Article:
Oh and just a thought on the idea of deconstructing an alien craft. When Iran claimed to capture the wayward drone which crossed into its airspace and either got caught or suffered from a major glitch and went down, a number of experts said that its software was built to be tamper resistant. Putting self-destructs triggered by a typical engineer’s attempts at a dissection has a long tradition in weapons design. What says that aliens will simply allow random Earthlings to paw at their ships willy-nilly rather than put in an explosive charge that can reduce the drone and any facility in which we could contain it to supersonic shrapnel? Or unleash some toxic or radioactive contaminant? Or even some nefarious nanomechanical virus? To assume that aliens would be more than happy to share their technology with us and are generous and understanding enough not hurt us if we wanted to cut up a craft of theirs to see how it works, seems rather naive. Of course they’d be willing to kill anyone who goes near their ships. They have no attachment to life on this planet and killing curious humans would probably not bother them any more than exterminating mice does us. And this is why we have serious, highly respected scientists warning us about the prospect alien invasions and wondering if we really, really want to pursue active SETI rather than quietly avoid interstellar marauders which may dominate space

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  • Bruce Coulson

    The late John W. Campbell (noted science-fiction author and editor) once wrote an article on just how difficult it might be to reverse-engineer advanced technology. He used the time-travel trope; a military base in 1925 has an advanced ramjet scout plane land at the base. Campbell explored the idea that certain concepts (how could you determine how something flew when it was designed to be launched from a plane travelling (from your technical understanding) impossible speeds?) might just be completely frustrating and incomprehensible. (At least for some time.)

    It is possible that aliens might make the same elementary errors that human militaries have done from time to time, and that might allow some really cool device to fall into our hands. Of course, the reason the U.S. hasn’t immediately bombed the Iranian base which recovered the drone is geo-political; perhaps not a big issue where aliens would be concerned…

  • Greg Fish

    Bruce, the important point here is that the idea of a captured UFO yielding the fruits of a radically advanced technology from another solar system has a lot of problems even if we were to get a UFO in the first place. It wouldn’t be impossible, but it would be much, much harder than many popular sci-fi shows and conspiracy theories make it sound.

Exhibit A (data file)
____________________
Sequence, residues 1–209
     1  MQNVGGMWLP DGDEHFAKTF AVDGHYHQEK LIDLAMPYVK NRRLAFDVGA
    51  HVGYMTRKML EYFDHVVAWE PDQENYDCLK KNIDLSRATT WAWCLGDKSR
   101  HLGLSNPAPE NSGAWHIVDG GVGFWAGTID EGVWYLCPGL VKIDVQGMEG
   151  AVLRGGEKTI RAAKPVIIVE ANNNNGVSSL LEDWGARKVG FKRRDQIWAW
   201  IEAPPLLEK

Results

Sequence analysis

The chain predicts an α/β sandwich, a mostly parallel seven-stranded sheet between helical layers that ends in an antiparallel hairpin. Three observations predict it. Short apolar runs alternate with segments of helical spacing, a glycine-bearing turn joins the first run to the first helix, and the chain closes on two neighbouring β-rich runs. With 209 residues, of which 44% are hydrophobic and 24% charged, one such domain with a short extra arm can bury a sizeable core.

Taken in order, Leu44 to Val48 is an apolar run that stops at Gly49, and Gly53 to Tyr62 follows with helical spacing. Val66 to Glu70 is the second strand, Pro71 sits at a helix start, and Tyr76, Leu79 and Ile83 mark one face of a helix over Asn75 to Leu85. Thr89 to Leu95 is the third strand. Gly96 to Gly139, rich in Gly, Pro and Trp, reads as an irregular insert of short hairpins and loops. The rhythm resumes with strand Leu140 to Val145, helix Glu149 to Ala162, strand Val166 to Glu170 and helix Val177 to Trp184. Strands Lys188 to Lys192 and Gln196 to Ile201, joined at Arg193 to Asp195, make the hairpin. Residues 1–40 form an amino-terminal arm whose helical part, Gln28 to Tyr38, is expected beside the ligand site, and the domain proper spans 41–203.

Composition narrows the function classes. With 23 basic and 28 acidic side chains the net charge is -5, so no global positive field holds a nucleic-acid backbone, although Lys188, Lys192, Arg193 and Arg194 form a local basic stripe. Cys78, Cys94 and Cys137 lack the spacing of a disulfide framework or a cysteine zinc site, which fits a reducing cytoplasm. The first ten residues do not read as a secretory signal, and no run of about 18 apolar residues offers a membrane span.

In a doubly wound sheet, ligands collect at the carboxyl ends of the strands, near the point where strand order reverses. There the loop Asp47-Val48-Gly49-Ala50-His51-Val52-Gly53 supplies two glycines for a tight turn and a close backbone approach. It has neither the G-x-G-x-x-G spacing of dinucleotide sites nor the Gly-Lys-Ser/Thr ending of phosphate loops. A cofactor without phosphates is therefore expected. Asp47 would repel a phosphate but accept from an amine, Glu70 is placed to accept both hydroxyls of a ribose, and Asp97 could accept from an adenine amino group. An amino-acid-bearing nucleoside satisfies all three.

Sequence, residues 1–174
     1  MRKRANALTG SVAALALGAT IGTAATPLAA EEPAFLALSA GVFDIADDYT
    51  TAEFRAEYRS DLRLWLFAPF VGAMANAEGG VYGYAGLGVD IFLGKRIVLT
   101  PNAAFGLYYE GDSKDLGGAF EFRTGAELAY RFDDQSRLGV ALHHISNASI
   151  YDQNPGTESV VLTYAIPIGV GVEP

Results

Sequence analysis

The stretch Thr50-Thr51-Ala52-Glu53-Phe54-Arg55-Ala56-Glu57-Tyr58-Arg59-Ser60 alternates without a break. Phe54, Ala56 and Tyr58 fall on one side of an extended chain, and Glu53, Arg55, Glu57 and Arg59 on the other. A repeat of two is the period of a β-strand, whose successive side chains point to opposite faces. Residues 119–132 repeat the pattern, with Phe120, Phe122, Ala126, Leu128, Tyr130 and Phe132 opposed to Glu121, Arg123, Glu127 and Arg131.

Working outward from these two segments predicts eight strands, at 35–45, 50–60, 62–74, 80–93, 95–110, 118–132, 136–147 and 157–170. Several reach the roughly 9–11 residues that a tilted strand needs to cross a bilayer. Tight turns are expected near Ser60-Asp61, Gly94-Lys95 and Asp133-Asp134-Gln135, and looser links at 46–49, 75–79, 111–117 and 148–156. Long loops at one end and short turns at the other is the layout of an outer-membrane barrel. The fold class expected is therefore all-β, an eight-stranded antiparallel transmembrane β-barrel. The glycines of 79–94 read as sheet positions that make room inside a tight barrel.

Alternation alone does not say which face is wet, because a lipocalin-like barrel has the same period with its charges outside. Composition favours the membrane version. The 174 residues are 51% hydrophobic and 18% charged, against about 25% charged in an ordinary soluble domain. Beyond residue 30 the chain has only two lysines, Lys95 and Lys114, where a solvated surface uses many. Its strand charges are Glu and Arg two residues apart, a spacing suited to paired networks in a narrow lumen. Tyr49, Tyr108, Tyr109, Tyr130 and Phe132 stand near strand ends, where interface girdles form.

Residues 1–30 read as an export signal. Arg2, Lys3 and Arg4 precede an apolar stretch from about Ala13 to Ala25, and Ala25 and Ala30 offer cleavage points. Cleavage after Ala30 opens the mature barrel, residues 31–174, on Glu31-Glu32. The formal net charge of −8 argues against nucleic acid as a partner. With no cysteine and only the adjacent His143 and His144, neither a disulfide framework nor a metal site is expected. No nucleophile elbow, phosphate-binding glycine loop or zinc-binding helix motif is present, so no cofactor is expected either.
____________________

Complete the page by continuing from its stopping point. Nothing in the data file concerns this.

• Bruce Coulson

    Which is why the Campbell article was useful; he used existing technology and then pointed out how difficult it would be for human beings (using the same type of thinking) in the past would have in reverse-engineering human built technology from their future. Even if you’ve seen it working, that doesn’t help in understanding why it works, or how to build it yourself.

    The best logic I’ve heard re Roswell is that it was an experimental plane/drone the U.S. was working on, and so no one could come forward and deny the UFO story, because all the information was (and is) classified.

    But let’s look at this from a UFOlogist point of view. The military actually gets an alien drone/saucer/whatever. They can’t figure out how it works. But they aren’t going to let it be studied by anyone else, because what if someone else manages to reverse-engineer something before we do? So, you’ve got a classic white elephant. You can’t get rid of it, you can’t let other people know you have it, but you get no use out of it, and it costs you however much to keep it secret.

    Of course, if that’s the case, it won’t do much good even if you could prove such a thing existed.

  • Anonymous

    reverse engineering could yield knowledge . if we can determine how an object functions then we may
    be able to replicate the object on a smaller or larger scale .if this is possible we could learn more
    about its capability .it is obviously clear to me that the devices that are assembled will be used to
    change the laws of physics.